Peace in the world starts with peace in oneself… The practice of peace and reconciliation is one of the most vital and artistic of human actions. – Thich Nhat Hanh

When I came of age, it was the late-60s, right in the middle of the civil rights movement and the Vietnam War, in the middle of the counter-culture hippy rebellion against conventionality.  The Middle East was aflame.  The Cold War was at its peak.  Martin Luther King, Jr. and Robert Kennedy were assassinated.  The Black Power and Weatherman movements were talking revolution. China was emerging as a threat.  The word “peace” had a very important place in the hippy vernacular of the time, for there was so little of it, but there was very real hope that peace would eventually carry the day.  There was even an iconic hand gesture to stand for it – the index and middle finger in a “V,” the other fingers folded over the palm – and there was, as well, the iconic circle with intersecting lines inside. 

Now, nearly sixty years later, the country and the world are possibly even more aflame, and I hardly ever hear of the aspiration for “peace” anymore, yet the stakes are even higher than they were in the 1960s.  In 1968 the country was in turmoil, but no one questioned whether democracy would survive.  Today, many historians express just this concern.  Fear and hate mongering, slander, lies, conspiracy theories, authoritarianism, even flirting with sedition and incitement to violence infest our political atmosphere.  The probable Republican presidential nominee has vowed, using the language of dictators, to “root out … the radical-left thugs that live like vermin within the confines of our country.”  The country was politically and culturally very divided in the late-60s, yet the general populace was not so polarized as now, causing astute political analysts to warn of the very real possibility of widening political violence, perhaps even civil war. 

I do not say these things to provoke or for partisan purpose, but we cannot turn away from truth if we are to find our way to reconciliation and peace; there can be no peace and reconciliation without a full commitment to truth-telling. I do not think I am exaggerating when I say we are in a defining time when the future of this country and the world depends on our finding our way to peace, and only through unembellished truth-telling can we find the common ground necessary, for the ultimate unequivocal common ground must be truth.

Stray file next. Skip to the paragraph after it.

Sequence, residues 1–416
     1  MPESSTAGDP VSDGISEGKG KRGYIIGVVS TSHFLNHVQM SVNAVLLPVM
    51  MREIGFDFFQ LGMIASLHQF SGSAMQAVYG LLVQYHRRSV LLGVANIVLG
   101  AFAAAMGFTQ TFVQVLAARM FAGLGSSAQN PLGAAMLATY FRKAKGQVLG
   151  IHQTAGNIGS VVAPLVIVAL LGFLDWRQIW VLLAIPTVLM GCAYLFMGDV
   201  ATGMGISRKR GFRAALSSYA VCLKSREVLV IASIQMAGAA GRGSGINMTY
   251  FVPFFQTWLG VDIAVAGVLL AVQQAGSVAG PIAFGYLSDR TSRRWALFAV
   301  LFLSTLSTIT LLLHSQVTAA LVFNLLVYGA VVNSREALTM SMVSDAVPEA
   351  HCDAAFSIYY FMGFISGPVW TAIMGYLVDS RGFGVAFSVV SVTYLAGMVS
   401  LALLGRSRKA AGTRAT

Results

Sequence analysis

In the 60s, the first warnings of the gravity of ecological degradation were being issued, but the consequences of severe climate change we are experiencing today were not yet felt.  Today, amid obviously worsening climate conditions, meaningfully addressing this growing threat is STILL being resisted by political conservatives. In a very real sense, we are fiddling with political and cultural differences, insignificant in the big picture, while the world is beginning to burn, the consequences of which will upend everyone’s life.  In promotion of their divisive fictions, wannabe authoritarians attack science, journalism, and academia, professions based in fact and verification, attempting to silence the truth, for truth is the enemy of these fictions and those who spread them.  Random mass shootings by deranged individuals with easy access to military style weaponry are now commonplace, but even the most basic regulation of guns is resisted based on a deliberate misreading of the intent of the 2nd Amendment to our Constitution.  Chinese and Russian expansionist ambitions threaten peace, authoritarianism seems to be on the rise, and war in Ukraine and the Middle East is exploding while America’s place in the world as a champion of democracy and peace is being undermined by our dysfunctional internal politics.  Today, peace appears to be a disheveled, disheartened orphan angel.

Thich Nhat Hanh joins together the concepts of peace and reconciliation, and it is true, to find our way to peace, real peace, we must begin with reconciliation.  And the question arises, do we really understand the depth of reconciliation that is needed if we are to find peace?  We must clearly find our way to reconciling the brittle political divide that is threatening our country, but there are many levels of divide we in this culture must resolve if we are to truly find peace.  We must STILL work to reconcile the racial divisions and inequity which the 60s addressed, while adding continued work in empowering women and the gender atypical.  We must reconcile the growing economic divide within our capitalist system which, when left to its own dynamics, always moves toward concentrating wealth with the already wealthy.  We must reconcile the divide between our industrial, materialist, technological society and the very land, the ecology that is our home.  We must reconcile the divisions within ourselves which lead us to be so anxious, fearful, aggressive, competitive, cynical, and blind to the wondrous nature of Life.  And we must reconcile the divide which keeps us from experiencing a true spiritual connection with the miracle that is Life.  All these divisions stand as obstacles to the peace that comes with living in connection at every level with who we truly are. We need a reconciliation of these divisions to realize we are all in this great undertaking that is Life together and only in transcending these false divisions will be able to find our way to real and lasting peace.